Comparing biggest NC cities: How Greenville and Jacksonville stack up

GREENVILLE, N.C. (WNCT) – Despite positive growth since the recession, Greenville and Jacksonville still don’t stack up well with other larger cities in the state.

Earlier in January, the Greenville City Council was presented data comparing the 15 largest cities in the state. Greenville came in as 10th biggest, followed by Jacksonville at 14, and Rocky Mount at 15.

When comparing the 15 biggest cities, unemployment rates from August 2015 showed Jacksonville had the 10th highest at 6.2 percent, followed by Greenville with the 13th highest at 6.8 percent, and Rocky Mount with the 15th highest at 8.8 percent. The best cities on the list were Asheville at 4.8 percent, and Cary and Raleigh at 5.2 percent.

However, Roger Johnson, Greenville’s Economic Development Director, said those unemployment rates don’t represent that most recent data. In November, he said Greenville’s rate had dropped to 5.7 percent.

He said he would like to follow in Wilmington’s footsteps when it comes to developing things like public-private projects. He also said he wanted to increase sites available for industrial purposes, but knows there are many challenges standing in the way.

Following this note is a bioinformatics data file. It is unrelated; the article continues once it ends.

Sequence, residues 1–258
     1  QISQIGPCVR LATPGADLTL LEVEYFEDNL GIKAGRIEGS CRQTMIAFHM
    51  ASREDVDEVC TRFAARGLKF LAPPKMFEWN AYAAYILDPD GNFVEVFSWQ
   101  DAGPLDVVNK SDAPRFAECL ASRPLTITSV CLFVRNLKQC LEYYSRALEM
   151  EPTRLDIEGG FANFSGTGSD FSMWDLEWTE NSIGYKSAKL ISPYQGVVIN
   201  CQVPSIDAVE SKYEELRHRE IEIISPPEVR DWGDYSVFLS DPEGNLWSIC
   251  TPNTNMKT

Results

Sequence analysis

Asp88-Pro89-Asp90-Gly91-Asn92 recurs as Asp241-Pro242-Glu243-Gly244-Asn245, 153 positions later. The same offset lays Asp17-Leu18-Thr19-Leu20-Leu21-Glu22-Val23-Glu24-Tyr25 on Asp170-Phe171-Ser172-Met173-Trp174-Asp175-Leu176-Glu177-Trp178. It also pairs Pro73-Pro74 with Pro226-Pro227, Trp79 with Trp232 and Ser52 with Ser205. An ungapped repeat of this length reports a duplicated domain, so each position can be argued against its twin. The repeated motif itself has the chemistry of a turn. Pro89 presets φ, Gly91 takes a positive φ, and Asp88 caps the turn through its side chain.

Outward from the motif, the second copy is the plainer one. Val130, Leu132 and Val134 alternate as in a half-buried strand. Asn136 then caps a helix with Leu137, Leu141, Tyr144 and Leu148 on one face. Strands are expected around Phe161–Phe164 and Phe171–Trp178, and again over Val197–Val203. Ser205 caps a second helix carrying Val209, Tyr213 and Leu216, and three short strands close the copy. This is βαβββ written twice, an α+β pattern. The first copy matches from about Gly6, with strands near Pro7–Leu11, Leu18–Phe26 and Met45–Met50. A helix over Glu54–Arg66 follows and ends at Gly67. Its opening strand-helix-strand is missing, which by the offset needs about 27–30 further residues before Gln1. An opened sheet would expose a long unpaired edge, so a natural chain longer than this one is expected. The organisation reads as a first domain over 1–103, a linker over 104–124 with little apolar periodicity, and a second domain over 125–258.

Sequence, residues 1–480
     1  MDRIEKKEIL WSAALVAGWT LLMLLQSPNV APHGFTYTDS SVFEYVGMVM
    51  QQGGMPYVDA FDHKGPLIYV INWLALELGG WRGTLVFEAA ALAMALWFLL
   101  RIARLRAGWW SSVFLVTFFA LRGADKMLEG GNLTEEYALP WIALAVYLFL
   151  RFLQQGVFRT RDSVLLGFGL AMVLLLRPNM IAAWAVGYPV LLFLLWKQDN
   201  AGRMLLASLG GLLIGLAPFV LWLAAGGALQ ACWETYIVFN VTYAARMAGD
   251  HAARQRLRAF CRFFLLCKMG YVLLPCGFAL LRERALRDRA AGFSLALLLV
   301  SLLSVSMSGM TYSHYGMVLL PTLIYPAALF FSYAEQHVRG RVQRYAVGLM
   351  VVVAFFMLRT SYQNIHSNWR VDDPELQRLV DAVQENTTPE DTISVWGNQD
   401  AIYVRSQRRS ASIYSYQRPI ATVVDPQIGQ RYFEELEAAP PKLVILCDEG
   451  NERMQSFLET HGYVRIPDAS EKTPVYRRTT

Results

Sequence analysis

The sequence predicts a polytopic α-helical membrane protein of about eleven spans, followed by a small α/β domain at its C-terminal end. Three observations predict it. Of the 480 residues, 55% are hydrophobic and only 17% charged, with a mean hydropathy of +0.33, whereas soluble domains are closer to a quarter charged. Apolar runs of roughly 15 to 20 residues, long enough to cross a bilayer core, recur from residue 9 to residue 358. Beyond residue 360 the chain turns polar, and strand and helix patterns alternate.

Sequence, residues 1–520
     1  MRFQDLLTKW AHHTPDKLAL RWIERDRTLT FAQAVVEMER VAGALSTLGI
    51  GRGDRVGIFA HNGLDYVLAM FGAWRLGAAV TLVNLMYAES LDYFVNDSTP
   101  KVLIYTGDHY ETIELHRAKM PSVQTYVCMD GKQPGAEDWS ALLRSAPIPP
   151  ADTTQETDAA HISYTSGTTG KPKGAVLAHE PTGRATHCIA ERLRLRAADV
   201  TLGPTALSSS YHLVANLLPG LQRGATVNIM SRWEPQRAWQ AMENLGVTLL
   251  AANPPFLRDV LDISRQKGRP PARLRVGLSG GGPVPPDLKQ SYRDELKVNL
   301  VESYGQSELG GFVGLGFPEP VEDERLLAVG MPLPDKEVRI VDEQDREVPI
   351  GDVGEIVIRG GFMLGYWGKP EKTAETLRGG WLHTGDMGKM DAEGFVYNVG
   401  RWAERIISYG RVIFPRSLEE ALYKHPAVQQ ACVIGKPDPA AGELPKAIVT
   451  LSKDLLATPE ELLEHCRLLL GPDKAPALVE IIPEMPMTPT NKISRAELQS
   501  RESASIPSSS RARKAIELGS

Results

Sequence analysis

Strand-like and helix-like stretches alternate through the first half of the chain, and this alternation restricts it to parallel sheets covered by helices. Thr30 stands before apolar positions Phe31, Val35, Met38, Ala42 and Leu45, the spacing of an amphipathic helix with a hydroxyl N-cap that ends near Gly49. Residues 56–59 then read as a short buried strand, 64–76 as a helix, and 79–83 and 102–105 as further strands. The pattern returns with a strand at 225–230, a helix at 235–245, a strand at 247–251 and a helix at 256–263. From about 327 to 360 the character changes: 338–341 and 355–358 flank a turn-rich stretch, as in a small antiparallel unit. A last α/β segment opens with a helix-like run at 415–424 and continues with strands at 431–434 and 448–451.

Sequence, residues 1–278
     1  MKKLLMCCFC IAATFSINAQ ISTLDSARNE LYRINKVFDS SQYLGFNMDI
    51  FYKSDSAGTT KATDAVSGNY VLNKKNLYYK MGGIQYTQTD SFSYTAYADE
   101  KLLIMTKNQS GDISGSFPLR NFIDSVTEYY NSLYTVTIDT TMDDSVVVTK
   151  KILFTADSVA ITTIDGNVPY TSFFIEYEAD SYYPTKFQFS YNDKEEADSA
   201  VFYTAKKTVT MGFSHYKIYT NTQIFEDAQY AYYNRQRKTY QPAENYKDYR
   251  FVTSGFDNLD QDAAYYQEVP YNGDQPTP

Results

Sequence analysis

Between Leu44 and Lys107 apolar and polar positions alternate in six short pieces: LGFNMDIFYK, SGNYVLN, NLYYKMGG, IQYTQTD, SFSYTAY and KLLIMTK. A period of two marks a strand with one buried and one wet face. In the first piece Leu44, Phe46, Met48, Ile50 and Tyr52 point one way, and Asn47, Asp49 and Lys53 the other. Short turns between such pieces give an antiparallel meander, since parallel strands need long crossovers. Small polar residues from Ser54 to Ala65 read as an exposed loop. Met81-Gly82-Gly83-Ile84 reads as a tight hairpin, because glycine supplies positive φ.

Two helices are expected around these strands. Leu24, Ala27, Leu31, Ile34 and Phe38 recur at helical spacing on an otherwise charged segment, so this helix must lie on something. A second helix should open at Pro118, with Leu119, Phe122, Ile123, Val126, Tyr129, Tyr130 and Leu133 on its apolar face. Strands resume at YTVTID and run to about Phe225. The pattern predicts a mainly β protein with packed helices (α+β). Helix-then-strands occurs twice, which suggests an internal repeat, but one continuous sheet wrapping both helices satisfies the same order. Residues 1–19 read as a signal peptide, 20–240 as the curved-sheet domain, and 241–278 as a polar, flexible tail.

“What the city of Greenville is facing is a shortage in existing larger building space to recruit some of our targeted industry clusters,” Johnson said.

Greenville, Jacksonville and Rocky Mount also didn’t stack up well when looking at per capita income for the 15 biggest cities. Greenville ranked 12th at $22,836, Jacksonville at 14th with $21,210, and Rocky Mount at 15th with $20,185. The two best cities on the list were Cary at $44,554 and Charlotte at $31,556.

Jim Kleckley, ECU’s Director of Business Research, said regardless of what city you are talking about, industries looking to open shop search for similar things.

“A new employer coming wants an educated workforce and they want a healthy workforce,” he said.

Because of that, areas in the East are already at a disadvantage. He said in recent years, a troubling trend has started to appear that clusters the main economic development in one area of the state.

“The Raleigh and Charlotte I-85 corridor,” he said. “That should concern everybody, certainly East of I-95, but everybody in the state of North Carolina.”

The economic is one of the items set to be discussed during the Greenville City Council retreat.

To read more about comparisons drawn in the state’s 15 biggest cities, click here.


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